LECH LECHA (Genesis, 12:1-17:27) — “A Covenant of Dedication”

In the end of this week’s Torah reading, we are introduced to the Mitzvah of Bris Milah, the Covenant of Circumcision.  This Mitzvah, more than any other, is the sign of the eternal pact between G-d and the children of Abraham.  In fact, one of the blessings recited at the Bris thanks G-d for giving us the commandment “lehachneeso bivriso shel Avraham Aveenu — to enter the child into the Covenant of our father Abraham.”

One of my favorite stories that I like to tell when I am performing a Bris is about a Mohel in what was then known as the Soviet Union, who one day heard an ominous knock on his door. He opened the door to find two KGB agents who accused him of being a Mohel, a profession that was illegal in the Soviet Union.  They told him to pack his belongings and to come with them.  He said goodbye to his wife and children, suspecting that he might never see them again.

After a long and silent trip by train and car, the KGB agents brought him to a large building.   They instructed him to go inside and do what he would be told.

Upon entering the building, the rabbi found the very last thing he expected — dozens of Jewish parents with sons waiting to be circumcised!  The project took him 3 days!

Before performing the Bris on a 2-year-old, he received an unusual request from the mother.  “Please,” she begged, “as soon as you have performed the Bris, give me my son to hold.”

The Mohel explained that his usual procedure was to put on a dressing and make sure that everything was stable before giving the baby to the mother.  But this mother was insistent that she hold the baby immediately.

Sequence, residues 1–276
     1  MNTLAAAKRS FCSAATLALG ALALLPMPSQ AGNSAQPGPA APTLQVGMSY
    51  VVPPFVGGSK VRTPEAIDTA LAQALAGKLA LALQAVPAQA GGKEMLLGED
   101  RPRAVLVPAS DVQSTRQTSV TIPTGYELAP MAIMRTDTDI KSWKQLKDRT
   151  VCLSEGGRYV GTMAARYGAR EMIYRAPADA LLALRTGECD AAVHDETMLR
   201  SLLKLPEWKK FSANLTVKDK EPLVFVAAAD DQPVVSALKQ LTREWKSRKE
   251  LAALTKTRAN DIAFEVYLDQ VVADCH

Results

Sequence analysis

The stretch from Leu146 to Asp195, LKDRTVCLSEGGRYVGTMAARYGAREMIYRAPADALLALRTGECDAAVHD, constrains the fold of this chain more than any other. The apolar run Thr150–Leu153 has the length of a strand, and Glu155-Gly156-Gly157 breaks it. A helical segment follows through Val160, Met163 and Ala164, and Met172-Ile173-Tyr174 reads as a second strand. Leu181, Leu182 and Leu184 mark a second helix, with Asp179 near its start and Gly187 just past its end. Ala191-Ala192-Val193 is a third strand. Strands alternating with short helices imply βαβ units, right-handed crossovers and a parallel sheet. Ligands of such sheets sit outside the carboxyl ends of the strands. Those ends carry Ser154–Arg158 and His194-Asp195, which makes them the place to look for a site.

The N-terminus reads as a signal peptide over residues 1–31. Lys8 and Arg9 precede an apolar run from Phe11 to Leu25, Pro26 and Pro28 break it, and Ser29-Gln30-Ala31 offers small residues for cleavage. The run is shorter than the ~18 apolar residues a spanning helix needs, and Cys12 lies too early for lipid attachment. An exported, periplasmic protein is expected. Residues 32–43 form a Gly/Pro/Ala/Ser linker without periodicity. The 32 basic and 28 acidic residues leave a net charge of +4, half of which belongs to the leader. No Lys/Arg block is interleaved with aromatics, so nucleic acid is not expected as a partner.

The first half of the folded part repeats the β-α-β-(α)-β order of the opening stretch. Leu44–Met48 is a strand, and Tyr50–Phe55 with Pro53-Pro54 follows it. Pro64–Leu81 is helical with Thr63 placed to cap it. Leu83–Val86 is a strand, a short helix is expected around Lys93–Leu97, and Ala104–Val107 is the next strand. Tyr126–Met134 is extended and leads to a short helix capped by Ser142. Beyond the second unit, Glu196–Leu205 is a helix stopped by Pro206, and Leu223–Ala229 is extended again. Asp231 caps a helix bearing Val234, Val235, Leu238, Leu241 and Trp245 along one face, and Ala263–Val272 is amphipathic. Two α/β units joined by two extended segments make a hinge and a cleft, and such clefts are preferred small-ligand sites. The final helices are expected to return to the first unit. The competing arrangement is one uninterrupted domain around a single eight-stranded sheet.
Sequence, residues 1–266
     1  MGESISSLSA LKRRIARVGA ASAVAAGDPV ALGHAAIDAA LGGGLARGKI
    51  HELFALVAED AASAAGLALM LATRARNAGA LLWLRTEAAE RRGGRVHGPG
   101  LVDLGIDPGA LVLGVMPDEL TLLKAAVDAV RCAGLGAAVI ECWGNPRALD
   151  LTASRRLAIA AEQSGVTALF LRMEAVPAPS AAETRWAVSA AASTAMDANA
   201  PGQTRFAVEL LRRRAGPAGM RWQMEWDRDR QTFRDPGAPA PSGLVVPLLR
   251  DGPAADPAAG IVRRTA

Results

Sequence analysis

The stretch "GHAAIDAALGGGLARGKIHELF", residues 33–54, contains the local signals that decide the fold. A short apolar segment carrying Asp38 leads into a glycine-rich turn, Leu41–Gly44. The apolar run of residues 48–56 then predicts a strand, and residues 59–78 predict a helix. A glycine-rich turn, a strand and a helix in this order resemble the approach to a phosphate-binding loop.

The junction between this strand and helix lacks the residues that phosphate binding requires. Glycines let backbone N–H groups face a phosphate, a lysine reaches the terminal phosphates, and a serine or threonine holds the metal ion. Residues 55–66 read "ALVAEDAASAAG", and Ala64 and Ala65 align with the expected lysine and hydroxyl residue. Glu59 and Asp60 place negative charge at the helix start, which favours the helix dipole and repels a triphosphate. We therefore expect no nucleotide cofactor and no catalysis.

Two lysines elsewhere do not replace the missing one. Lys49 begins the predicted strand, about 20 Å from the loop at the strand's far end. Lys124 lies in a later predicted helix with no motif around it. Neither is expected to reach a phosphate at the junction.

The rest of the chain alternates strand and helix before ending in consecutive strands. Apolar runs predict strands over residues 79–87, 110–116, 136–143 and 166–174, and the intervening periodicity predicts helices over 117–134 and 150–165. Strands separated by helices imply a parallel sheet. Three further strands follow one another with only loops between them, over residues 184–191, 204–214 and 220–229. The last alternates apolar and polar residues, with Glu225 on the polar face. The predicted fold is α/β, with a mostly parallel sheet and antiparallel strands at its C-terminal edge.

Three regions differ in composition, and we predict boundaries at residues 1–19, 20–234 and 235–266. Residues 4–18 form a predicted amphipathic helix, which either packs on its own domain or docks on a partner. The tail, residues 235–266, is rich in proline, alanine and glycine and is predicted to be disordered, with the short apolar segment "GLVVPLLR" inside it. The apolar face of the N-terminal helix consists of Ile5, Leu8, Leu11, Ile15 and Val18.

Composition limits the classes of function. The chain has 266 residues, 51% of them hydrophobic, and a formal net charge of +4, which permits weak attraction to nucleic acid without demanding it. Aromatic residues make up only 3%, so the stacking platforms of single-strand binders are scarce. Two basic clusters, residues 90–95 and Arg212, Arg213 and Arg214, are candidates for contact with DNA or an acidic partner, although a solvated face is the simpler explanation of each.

The Mohel performed the Bris and handed the child to his mother who embraced him, kissed him, and fainted flat out on the floor!

When a Bris is performed on a 2-year-old, there is usually more bleeding and the event is much more traumatic for the baby and the mother, so everyone assumed that that was the reason she had passed out.   However, the mother later explained what had happened.

“When this baby was born two years ago,” she explained, “I knew how hard it would be to arrange for his Bris.  I knew that it would be illegal and dangerous, and I was afraid that I might get lazy and try to delay his Bris.  So, in order to make sure that I would never falter in my efforts to do this Mitzvah, I gave myself an additional incentive.  I swore two years ago that until my son would be ushered into the Covenant of Abraham, I would never kiss him.”

That is the real reason she passed out.  After two years of withholding her natural maternal instincts, she was totally overcome with emotion.

This is the meaning of the Briso shel Avraham Aveenu, the Covenant of Abraham.  There is something special about the children of Abraham, the Nation of Israel, who understand that sometimes doing the right thing has to hurt a little; sometimes we have to make sacrifices for what we believe in.

Abraham was called a Hebrew, an ‘Ivri’, from the word Eiver — across.  Abraham was considered to be on one side of the river and the rest of the world was on the other.  Abraham was totally unfazed by being “across the river” from the rest of the world.  He was not afraid to march to the tune of a different drummer.  He knew what was right and did it with pride.

Thank G-d, we live in a country where we are permitted to practice our beliefs freely and openly.  We don’t have to sneak a Mohel to a Bris.  We don’t have to worry that we may lose our jobs if we don’t work on Shabbos.

As easy as it is to be observant here, we often find ourselves being lax in fulfilling our covenantal obligations. What are we afraid of?  Are we concerned that the secret police may knock on our doors?  Thank G-d, that’s not an issue here.  Could it be that we’re afraid of being ‘Ivri’– across the river, of standing out and being different from our friends and neighbors?